United States District Court, D. Massachusetts
AXIA NETMEDIA CORPORATION Plaintiff, KCST, USA, INC. Plaintiff Intervenor
MASSACHUSETTS TECHNOLOGY PARK CORPORATION d/b/a MASSACHUSETTS TECHNOLOGY COLLABORATIVE Defendant.
MEMORANDUM AND ORDER ON DEFENDANT MASSACHUSETTS
TECHNOLOGY PARK CORPORATION'S MOTION FOR PRELIMINARY
INJUNCTION (DOCKET NO. 11) AND MOTION TO COMPEL ARBITRATION
(DOCKET NO. 10)
TIMOTHY S. HILLMAN, DISTRICT JUDGE
Massachusetts Technology Park Corporation d/b/a Massachusetts
Technology Collaborative (“MTC”) filed this
motion seeking to compel Plaintiff Axia NetMedia Corporation
(“Axia NetMedia”) to arbitrate the contractual
disputes that form the basis of the present action (Docket
No. 10), and seeking a preliminary injunction requiring Axia
NetMedia to perform its obligations under the parties'
Guaranty Agreement while the parties resolve their various
contractual disputes. For the reasons outlined below,
MTC's motion to compel arbitration is denied,
without prejudice, and MTC's motion for preliminary
injunction is granted.
an independent public instrumentality of the Commonwealth of
Massachusetts. Through state and federal grants, MTC built
and owns the MassBroadband 123 network (“123
Network”). The 123 Network is comprised of over 1200
miles of fiber optic cable infrastructure, which connects
more than 120 communities in Central and Western
Massachusetts. The 123 Network is used by numerous agencies
serving critical public safety functions, including police
and emergency services, as well as thousands of other users
and customers in Central and Western Massachusetts.
February 25, 2011, MTC entered into an Agreement for Network
Operator Services (“Network Operator Agreement”)
with Axia NGNetworks USA, Inc. (“Axia U.S.”), a
wholly-owned subsidiary of Axia NetMedia. The Network
Operator Agreement is a 10-year public services contract,
under which MTC agreed to build and install the 123 Network,
and Axia U.S. agreed to market, maintain, service, and
operate the network, as well as collect revenues, pay its
expenses, and make fixed payments to MTC. On the same date,
MTC also entered into a Guaranty Agreement with Axia
NetMedia, whereby Axia NetMedia guaranteed the performance
and payment obligations of Axia U.S., up to $4 Million. The
same individual, Art Price, executed both the Network
Operator Agreement and the Guaranty Agreement on behalf of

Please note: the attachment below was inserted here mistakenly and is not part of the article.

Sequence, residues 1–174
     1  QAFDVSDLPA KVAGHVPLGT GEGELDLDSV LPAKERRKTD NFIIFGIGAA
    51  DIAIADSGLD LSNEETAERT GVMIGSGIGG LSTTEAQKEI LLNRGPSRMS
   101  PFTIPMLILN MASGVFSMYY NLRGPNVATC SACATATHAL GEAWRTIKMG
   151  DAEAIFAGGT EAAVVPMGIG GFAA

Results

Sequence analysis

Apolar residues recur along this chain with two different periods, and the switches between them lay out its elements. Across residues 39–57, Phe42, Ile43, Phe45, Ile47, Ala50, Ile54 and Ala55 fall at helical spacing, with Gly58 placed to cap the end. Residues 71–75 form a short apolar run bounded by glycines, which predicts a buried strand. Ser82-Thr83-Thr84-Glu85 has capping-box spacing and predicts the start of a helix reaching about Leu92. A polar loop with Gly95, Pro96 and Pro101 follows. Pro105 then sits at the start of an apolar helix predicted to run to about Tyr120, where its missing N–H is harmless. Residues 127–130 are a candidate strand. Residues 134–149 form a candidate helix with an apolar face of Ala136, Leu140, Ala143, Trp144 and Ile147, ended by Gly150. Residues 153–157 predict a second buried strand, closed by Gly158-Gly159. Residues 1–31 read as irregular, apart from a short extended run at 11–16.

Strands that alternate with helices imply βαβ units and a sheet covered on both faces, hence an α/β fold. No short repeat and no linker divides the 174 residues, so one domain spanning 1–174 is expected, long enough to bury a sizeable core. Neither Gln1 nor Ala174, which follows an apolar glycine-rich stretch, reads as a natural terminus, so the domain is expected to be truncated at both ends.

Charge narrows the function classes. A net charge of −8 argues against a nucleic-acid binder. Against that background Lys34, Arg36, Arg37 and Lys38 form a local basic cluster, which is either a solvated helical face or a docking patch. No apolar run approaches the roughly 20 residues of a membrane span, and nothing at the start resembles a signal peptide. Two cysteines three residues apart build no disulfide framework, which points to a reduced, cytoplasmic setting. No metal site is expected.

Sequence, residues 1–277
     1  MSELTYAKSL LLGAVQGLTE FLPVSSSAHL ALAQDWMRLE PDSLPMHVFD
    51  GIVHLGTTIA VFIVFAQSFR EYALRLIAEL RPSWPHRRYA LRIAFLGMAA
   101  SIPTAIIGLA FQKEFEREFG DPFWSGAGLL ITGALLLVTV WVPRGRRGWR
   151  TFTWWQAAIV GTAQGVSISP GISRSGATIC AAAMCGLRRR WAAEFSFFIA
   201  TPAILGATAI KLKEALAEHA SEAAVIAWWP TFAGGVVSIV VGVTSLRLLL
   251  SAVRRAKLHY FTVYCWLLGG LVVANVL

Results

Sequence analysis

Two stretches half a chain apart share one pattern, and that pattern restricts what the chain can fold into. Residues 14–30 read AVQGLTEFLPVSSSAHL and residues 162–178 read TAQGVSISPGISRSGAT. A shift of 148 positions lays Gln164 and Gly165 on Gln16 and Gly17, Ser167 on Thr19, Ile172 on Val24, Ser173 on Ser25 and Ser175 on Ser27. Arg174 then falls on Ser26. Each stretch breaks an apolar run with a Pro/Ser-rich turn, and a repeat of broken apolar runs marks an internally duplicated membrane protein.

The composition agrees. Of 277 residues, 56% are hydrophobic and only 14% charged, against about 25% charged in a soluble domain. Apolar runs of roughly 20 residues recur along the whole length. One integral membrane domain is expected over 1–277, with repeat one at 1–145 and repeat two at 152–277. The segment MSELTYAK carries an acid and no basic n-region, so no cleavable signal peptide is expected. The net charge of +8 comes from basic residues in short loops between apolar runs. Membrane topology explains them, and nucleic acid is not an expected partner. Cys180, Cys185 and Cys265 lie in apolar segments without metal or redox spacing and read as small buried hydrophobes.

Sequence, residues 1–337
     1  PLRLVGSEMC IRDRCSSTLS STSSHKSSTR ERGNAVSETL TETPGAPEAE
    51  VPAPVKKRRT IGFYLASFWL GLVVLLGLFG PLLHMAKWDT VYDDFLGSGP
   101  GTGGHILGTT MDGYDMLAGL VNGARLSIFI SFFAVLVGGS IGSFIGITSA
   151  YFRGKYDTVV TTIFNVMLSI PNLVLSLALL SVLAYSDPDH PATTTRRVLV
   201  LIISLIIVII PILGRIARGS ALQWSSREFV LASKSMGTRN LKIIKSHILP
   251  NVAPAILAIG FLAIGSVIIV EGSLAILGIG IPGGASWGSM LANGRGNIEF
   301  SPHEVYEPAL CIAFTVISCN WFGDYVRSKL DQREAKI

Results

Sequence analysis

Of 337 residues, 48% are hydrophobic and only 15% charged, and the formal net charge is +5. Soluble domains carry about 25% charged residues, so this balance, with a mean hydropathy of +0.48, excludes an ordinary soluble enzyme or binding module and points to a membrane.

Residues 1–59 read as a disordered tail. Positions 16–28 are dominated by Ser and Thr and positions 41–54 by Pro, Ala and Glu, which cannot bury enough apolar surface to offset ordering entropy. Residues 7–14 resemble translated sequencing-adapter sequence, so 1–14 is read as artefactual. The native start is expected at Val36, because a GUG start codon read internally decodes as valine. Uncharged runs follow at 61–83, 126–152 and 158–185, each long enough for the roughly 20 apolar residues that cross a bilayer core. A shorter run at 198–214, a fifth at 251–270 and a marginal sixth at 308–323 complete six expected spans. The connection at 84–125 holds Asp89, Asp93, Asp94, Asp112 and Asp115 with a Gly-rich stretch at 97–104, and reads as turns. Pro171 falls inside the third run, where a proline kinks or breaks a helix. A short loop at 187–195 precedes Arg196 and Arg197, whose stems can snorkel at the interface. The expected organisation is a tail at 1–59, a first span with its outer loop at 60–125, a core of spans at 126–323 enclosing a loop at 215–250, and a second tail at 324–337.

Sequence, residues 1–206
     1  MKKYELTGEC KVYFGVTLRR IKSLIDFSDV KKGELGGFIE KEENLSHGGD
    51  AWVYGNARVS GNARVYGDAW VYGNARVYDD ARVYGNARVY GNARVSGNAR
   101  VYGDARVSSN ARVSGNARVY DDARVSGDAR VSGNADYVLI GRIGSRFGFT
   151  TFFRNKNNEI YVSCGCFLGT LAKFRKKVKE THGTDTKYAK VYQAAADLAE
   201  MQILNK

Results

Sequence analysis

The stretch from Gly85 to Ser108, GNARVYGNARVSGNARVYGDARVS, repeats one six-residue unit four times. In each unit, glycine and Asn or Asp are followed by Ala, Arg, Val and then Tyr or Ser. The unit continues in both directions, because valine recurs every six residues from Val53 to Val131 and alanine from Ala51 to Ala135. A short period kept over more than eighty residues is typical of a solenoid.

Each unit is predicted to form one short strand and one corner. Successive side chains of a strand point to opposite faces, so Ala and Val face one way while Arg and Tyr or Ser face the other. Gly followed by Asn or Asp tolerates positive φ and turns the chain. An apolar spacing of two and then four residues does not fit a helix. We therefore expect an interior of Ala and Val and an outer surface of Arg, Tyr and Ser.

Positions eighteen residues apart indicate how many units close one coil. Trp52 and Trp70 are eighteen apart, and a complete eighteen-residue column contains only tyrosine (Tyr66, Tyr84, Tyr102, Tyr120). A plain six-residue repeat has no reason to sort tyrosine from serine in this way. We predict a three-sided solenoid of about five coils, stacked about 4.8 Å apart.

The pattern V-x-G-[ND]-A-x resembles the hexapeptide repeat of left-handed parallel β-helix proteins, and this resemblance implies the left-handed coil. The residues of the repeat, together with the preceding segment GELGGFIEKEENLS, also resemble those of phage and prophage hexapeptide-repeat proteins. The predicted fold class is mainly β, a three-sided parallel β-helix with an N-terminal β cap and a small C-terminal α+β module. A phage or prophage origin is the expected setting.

Axia U.S. and Axia NetMedia, respectively.
2.1 of the Guaranty provides, in the event of a default by
Axia U.S. in any of its payment and performance obligations
under the Network Operator Agreement, Axia NetMedia
(a) shall make all such payments and perform all such
obligations of the Network Operator, as described in and in
accordance with the terms of the Network Operator Agreement,
and as such obligations may be changed in accordance with the
terms of the Network Operator Agreement (the
“Guaranteed Obligations”); and
(b) shall fully and punctually pay and discharge, as the same
become due and payable, any and all costs, expenses and
liabilities for or in connection with the Guaranteed
Obligations, including, but not limited to, the costs of
causing the substituted performance of the Guaranteed
Obligations. This guaranty is limited to and capped at the
amount of Four Million ($4, 000, 000) U.S. Dollars, and
should Guarantor advance to MTC funds up to said amount,
Guarantor shall have no further obligation or liability under
2014, after indications from Axia U.S. that it intended to
stop making payments to, or on behalf of, MTC, until certain
disputes between the parties were resolved, MTC commenced
litigation in Massachusetts Superior Court and obtained a TRO
and preliminary injunction requiring Axia U.S. to perform its
obligations pursuant to the “Continuing
Performance” provision of the Network Operator
Agreement. This provision required the parties to continue
performing all obligations under the Network Operator
Agreement while their dispute, which centered on Axia
U.S.'s complaint that MTC delivered only 944 of 1392
operational “Community Anchor Institutions” it